Washington Irving, né le 3 avril 1783 dans le quartier de Manhattan, à New York, mort le 28 novembre 1859 à Tarrytown, est un écrivain américain du début du XIXe siècle. Il est surtout connu pour ses nouvelles, mais il a aussi écrit de nombreux essais et biographies.
Les Contes de l'Alhambra, 1832[modifier]
- « Réflexion sur la domination des Arabes en Espagne » (1832), dans Les Contes de l'Alhambra, Washington Irving, éd. H. Fournier, 1832, t. 1, p. 81
- « Réflexion sur la domination des Arabes en Espagne » (1832), dans Les Contes de l'Alhambra, Washington Irving, éd. H. Fournier, 1832, t. 1, p. 83-84
Mahomet and his successors, 1849[modifier]
- (en) In his private dealings he was just. He treated friends and strangers, the rich and poor, the powerful and weak, with equity, and was beloved by the common people for the affability with which he received them, and listened to their complaints.
- Mahomet and his successors, Washington Irving (trad. Wikiquote), éd. George P. Putnam, 1850, p. 330
- (en) Many of the visions and revelations handed down as having been given by him are spurious. The miracles ascribed to him are all fabrications of Moslem zealots. He expressly and repeatedly disclaimed all miracles excepting the Koran ; which, considering its incomparable merit, and the way in which it had come down to him from heaven, he pronounced the greatest of miracles. And here we must indulge a few observations on this famous document. While zealous Moslems and some of the most learned doctors of the faith draw proofs of its divine origin from the inimitable excellence of its style and composition, and the avowed illiteracy of Mahomet, less devout critics have pronounced it a chaos of beauties and defects; without method or arrangement; full of obscurities, incoherencies, repetitions, false versions of scriptural stories, and direct contradictions. The truth is that the Koran as it now exists is not the same Koran delivered by Mahomet to his disciples, but has undergone many corruptions and interpolations.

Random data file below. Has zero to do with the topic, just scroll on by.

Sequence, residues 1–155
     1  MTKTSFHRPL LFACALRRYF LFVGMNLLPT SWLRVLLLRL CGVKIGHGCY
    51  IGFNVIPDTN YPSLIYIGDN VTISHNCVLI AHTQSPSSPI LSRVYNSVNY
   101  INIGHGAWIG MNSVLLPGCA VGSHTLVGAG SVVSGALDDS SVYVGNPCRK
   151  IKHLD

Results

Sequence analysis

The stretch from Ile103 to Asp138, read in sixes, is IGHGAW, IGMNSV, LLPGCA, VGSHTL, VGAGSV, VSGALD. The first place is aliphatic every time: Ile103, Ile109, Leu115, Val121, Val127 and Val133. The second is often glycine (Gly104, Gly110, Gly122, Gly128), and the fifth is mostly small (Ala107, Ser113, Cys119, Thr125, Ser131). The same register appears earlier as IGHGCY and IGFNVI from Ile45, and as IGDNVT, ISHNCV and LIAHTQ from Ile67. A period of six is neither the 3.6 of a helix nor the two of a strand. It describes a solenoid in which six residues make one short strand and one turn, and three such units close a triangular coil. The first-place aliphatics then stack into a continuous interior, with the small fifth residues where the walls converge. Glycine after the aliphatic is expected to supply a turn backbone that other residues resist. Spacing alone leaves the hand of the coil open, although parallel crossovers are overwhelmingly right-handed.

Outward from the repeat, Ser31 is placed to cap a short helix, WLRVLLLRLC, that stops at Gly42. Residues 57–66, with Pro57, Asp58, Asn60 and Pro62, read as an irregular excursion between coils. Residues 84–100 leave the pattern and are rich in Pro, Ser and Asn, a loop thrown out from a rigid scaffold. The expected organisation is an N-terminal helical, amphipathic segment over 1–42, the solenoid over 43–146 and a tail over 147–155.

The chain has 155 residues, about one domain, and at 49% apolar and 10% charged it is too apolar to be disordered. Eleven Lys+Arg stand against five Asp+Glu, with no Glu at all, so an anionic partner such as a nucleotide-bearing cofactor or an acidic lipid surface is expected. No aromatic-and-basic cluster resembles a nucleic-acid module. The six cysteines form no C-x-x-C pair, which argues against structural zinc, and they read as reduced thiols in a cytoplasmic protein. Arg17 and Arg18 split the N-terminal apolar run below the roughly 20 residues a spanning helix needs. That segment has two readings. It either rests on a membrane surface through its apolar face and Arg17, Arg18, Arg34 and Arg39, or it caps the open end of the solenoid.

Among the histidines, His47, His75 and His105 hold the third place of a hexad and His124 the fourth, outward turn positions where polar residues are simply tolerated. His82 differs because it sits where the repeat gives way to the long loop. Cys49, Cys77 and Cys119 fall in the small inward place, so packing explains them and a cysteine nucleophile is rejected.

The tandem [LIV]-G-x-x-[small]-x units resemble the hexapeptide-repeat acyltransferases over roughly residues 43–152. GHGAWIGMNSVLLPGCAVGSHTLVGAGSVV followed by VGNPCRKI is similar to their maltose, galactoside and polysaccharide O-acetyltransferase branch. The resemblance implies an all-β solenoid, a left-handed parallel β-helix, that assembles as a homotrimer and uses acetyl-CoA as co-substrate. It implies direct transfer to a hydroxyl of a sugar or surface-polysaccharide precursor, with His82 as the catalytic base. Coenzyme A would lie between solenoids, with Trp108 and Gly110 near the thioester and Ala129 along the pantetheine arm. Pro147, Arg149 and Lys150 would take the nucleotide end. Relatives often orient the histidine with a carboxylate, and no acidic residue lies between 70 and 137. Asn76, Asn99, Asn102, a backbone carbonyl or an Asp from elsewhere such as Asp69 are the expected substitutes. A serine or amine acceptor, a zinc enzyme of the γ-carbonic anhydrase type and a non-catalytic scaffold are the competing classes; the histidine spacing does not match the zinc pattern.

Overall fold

- Mahomet and his successors, Washington Irving (trad. Wikiquote), éd. George P. Putnam, 1850, p. 330-331
- (en) His military triumphs awakened no pride nor vain glory, as they would have done had they been effected for selfish purposes. In the time of his greatest power he maintained the same simplicity of manners and appearance as in the days of his adversity. So far from affecting a regal state, he was displeased if, on entering a room, any unusual testimonials of respect were shown to him. If he aimed at a universal dominion, it was the dominion of faith; as to the temporal rule which grew up in his hands, as he used it without ostentation, so he took no step to perpetuate it in his family.
- Mahomet and his successors, Washington Irving (trad. Wikiquote), éd. George P. Putnam, 1850, p. 339